From £20,3548
US-spec model suggests there’s plenty of promise in the new Corolla for those who enjoy their driving
Richard Bremner Autocar
18 December 2018

What is it?

This largely new car revives an old name but rides on a fresh platform and replaces the Auris, which was engineered specifically for Europe and sold largely here.

Like Corollas past, this one is a world car, although the flexibility of the Toyota New Global Architecture (TNGA) platform philosophy promises a car potentially more suitable for European tastes than the Auris ever was.

Like the Auris, the Corolla will be built at Toyota’s Burnaston plant, and it will be offered with the familiar 1.2-litre petrol engine and a choice of two petrol hybrid powertrains of either 1.8 litres and 118bhp, or 2.0 litres and 176bhp. Both of these come with CVT automatic transmissions, as is Toyota’s hybrid way, whereas the 1.2 has a six-speed manual.

At the core of this new Corolla is a body structure that’s no less than 60% stiffer, underpinned by an all-new suspension that includes a multilink rear axle as standard and the option of electronic dampers. Apart from its extra strength, an additional benefit of the TNGA hardware is its lower centre of gravity. Also much improved from the Auris – and it needed to be – is the Corolla’s interior.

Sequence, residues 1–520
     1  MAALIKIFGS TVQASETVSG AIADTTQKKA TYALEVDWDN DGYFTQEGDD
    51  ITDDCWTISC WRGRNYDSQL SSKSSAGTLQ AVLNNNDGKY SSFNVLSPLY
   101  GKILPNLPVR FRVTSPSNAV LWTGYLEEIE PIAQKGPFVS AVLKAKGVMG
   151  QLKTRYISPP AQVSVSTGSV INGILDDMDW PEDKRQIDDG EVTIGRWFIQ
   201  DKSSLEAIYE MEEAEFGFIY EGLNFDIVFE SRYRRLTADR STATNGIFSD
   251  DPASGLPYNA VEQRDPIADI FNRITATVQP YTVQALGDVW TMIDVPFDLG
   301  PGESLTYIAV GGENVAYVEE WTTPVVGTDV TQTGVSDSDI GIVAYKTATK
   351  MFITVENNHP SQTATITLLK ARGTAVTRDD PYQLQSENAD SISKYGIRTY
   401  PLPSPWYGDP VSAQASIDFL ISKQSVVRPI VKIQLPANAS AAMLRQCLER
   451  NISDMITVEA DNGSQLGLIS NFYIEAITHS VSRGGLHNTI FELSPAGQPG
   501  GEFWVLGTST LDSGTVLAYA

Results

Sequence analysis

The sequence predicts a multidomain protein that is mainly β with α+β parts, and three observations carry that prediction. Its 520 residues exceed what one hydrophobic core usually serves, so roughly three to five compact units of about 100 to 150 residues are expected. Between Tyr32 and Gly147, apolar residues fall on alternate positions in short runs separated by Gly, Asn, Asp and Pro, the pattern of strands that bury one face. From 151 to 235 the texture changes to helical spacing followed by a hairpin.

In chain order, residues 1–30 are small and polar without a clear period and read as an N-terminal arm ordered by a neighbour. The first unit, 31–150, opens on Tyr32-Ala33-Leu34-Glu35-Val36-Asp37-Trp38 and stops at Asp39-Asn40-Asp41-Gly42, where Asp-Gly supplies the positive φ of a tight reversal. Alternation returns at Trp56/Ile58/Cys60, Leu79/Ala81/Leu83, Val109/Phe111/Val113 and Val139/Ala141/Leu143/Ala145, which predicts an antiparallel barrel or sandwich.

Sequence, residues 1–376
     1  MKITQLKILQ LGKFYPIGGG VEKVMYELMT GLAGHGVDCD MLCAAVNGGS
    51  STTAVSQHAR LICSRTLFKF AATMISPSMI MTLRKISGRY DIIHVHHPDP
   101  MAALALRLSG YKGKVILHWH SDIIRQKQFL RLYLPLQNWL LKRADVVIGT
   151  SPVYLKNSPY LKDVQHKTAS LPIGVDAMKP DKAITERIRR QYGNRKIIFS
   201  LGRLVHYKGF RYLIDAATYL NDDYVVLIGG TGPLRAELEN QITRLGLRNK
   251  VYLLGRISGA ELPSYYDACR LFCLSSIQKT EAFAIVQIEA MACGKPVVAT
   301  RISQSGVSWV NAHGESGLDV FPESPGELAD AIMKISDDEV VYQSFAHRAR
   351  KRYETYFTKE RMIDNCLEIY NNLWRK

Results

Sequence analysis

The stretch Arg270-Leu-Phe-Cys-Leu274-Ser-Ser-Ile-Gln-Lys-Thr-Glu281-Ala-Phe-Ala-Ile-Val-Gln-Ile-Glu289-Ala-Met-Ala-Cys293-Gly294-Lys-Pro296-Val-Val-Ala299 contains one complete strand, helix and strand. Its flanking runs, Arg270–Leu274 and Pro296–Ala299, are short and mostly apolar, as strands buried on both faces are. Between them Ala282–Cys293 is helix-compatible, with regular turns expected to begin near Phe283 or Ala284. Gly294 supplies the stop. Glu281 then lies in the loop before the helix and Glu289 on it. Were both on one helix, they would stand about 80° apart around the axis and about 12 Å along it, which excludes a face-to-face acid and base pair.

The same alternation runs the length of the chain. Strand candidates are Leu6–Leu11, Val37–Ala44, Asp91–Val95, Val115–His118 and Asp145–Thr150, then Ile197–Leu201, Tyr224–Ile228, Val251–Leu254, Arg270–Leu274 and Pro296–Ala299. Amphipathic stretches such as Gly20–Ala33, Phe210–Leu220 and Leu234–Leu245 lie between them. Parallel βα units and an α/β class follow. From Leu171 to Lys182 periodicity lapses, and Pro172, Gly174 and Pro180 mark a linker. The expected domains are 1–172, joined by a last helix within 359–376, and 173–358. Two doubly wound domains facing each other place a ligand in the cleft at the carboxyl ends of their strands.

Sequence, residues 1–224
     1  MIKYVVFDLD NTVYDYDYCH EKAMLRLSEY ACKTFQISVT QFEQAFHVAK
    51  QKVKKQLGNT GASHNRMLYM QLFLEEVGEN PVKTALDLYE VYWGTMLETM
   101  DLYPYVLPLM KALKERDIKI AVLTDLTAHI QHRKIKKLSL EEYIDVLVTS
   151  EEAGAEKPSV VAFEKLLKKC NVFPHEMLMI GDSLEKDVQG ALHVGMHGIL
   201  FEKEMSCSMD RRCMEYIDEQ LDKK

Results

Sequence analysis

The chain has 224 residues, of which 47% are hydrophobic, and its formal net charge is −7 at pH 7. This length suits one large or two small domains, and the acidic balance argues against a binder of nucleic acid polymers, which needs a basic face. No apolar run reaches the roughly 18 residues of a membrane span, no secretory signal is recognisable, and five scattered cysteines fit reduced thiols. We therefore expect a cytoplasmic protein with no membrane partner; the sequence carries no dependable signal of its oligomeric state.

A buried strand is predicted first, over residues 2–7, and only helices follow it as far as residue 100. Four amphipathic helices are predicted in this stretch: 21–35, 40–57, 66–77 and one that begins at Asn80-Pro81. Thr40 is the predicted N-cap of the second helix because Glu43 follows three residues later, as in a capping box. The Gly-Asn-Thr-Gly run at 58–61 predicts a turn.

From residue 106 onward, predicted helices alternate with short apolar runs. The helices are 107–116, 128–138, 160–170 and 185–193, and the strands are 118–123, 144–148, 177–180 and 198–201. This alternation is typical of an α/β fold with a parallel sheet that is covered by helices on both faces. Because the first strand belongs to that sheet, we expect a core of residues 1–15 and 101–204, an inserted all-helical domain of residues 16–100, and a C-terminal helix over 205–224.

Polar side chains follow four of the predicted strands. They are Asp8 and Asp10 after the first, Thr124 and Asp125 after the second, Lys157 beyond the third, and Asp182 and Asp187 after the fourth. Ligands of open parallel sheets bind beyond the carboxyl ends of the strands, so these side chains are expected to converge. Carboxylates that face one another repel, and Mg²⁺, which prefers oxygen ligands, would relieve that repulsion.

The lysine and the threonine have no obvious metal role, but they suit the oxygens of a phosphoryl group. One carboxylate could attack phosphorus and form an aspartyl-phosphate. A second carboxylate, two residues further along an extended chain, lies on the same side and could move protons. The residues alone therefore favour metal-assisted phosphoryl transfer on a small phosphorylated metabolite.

What's it like?

Rather than sitting before an ugly, cliff-like dashboard assembled from an assortment of unyielding plastics, you now view an appealing, sculpted, part-stitched and sheathed facia crowned by a conveniently protuberant infotainment screen and, ahead of the driver, a neat instrument binnacle filled with blue-glowing instruments.

The infotainment system is easy to use, too. The climate control knobs are rubber, as are the bits you grip of the door pulls, the upholstery you’d consider for a domestic sofa and the cabin architecture shows plentiful signs of sculptural flair.